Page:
As of Sunday, my wife Lita are back from our Safari adventure. The route there was Seattle to Dubai. Dubai to Cape Town. Cape Town to Johannesburg. Johannesburg to Maun, Botswana and Botswana to the Safari Camp Mombo. That involves 30 hours of flying time and if this post is not perfectly clear it’s because I still have jet leg.
At the risk of being too repetitive let me take a moment on communications. I spent yesterday on the motion calendar involving a case I’m trying in Seattle July 1st. There are teams of defense lawyers who have filed over one hundred pre trial motions. As I listened to lawyers argue I was struck by what a hard job it is to be a judge or a juror while lawyers drone on. Instead of a focused, to the point presentation, it is too often a presentation which seems to be based on the idea that the more words you use and the longer you talk the better your chances.
Yet, all of the communication research indicates the opposite fact. Why is it when we lawyers know effective communication means keeping it short and simple we do the very opposite? We know the key to effective communication involves using simple, and easy to understand language. We know that when we use words beyond the level of an 8th grade student, when we talk too long, when use include a lot of unnecessary details we don’t help people understand us better. What we do is frustrate them and they resent us for doing it.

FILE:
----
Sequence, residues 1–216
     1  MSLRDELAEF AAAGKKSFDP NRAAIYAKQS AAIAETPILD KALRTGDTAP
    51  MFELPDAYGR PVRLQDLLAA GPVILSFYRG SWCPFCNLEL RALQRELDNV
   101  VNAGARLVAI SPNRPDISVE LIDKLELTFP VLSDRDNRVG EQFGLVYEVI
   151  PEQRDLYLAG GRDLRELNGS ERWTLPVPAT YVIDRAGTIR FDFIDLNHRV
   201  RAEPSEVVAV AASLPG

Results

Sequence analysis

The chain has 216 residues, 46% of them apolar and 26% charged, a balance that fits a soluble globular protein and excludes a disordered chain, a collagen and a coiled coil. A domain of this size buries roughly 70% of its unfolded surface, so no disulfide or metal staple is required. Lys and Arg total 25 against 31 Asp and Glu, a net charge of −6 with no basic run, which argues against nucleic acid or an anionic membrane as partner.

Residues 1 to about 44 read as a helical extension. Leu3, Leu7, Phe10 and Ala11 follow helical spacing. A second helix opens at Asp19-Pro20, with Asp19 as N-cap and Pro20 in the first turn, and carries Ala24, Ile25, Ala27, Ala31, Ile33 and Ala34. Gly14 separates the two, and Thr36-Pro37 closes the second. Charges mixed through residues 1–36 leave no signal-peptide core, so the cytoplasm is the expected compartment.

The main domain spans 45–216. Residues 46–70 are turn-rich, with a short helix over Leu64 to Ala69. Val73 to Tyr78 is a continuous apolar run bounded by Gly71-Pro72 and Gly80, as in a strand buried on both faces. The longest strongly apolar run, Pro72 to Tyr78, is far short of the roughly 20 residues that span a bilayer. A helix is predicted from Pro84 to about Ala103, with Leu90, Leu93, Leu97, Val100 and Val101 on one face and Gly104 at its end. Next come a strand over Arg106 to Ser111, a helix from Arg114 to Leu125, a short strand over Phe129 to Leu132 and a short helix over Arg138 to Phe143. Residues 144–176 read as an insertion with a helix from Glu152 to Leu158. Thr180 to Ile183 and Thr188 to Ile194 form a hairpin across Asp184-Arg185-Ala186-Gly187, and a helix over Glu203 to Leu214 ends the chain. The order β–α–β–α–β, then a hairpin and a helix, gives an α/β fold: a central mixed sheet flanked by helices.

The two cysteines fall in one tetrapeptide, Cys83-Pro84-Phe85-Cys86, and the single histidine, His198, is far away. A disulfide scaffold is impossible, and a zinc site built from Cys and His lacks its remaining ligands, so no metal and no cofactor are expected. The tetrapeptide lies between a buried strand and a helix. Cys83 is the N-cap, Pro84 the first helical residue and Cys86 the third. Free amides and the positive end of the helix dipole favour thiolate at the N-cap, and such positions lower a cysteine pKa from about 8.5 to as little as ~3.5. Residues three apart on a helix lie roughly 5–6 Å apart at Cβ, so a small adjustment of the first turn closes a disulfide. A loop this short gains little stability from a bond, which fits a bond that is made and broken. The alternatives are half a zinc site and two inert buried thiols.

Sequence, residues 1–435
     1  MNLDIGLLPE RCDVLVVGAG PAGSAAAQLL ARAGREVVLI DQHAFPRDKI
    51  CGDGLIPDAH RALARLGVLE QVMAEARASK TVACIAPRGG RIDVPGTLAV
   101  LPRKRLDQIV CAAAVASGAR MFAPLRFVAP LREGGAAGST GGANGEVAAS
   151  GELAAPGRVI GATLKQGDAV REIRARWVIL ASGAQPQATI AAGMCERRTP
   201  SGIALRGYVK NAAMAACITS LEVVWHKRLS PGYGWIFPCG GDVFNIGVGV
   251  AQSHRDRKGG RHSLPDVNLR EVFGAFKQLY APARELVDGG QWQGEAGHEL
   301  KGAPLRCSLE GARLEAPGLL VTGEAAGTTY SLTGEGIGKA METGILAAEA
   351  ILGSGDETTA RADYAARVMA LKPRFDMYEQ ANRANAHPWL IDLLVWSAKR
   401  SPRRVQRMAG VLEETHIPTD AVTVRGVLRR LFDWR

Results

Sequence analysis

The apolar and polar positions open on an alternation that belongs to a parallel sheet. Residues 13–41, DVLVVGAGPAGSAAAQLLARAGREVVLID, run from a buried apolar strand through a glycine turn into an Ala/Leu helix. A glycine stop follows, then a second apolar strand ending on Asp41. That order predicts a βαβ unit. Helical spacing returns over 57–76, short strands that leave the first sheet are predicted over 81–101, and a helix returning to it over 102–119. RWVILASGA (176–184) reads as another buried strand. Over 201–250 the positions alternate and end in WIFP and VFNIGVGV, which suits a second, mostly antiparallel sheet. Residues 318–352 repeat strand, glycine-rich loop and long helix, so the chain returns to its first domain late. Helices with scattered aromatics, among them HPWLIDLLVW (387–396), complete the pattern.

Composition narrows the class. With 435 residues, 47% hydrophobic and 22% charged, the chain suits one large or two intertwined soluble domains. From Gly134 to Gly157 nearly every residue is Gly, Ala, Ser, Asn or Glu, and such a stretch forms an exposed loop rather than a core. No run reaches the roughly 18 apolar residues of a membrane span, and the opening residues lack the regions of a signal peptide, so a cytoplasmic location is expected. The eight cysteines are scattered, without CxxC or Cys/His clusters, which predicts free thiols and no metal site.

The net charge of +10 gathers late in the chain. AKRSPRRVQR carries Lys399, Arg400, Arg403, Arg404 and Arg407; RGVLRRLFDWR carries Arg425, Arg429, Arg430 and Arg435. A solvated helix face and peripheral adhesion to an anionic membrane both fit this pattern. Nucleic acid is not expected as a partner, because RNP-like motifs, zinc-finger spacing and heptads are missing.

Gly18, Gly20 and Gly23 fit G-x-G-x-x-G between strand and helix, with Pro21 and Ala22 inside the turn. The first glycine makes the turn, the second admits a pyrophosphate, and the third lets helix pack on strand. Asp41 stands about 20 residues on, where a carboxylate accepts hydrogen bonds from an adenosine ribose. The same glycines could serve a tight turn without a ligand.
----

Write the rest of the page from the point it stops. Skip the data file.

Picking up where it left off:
Why do we use abbreviations and acronyms with technical or legal jargon and expect everyone to know what we are talking about? Is it because we want to appear smarter than everyone else? Well, it has the opposite effect.
We should work hard at learning to keep our messages short, to the point and in everyday language. We should unlearn what we learned in law school and convey information simply with words that are easy to understand and in an organized fashion. We need to talk a lot slower and a lot shorter than we normally talk as lawyers. I know you agree with me, but do a self check the next time you present something to a judge or jury. Listen to what you really say.
When Abraham Lincoln gave his Gettysburg address it contained only 271 words and 202 of those were just one syllable. It took only two minutes to deliver. When he sat down, the paper reported someone next to him asked: “Is that all?” Lincoln said it was. One reporter called the talk “an insult to the memory of the dead.” Another said: “We pass over the silly remarks of the President.” A third wrote his talk was “flat and dishwatery.” Today his Gettysburg address is ranked among the great literary treasures of history.
Simon and Garfunkel, in their song “Sounds of Silence” wrote these lyrics: “people talking without speaking. People hearing without listening.” That’s our problem. We too often talk with speaking and we more often hear without really listening. Let’s try to learn to focus our communications to short and simple while learning to actively listen to others.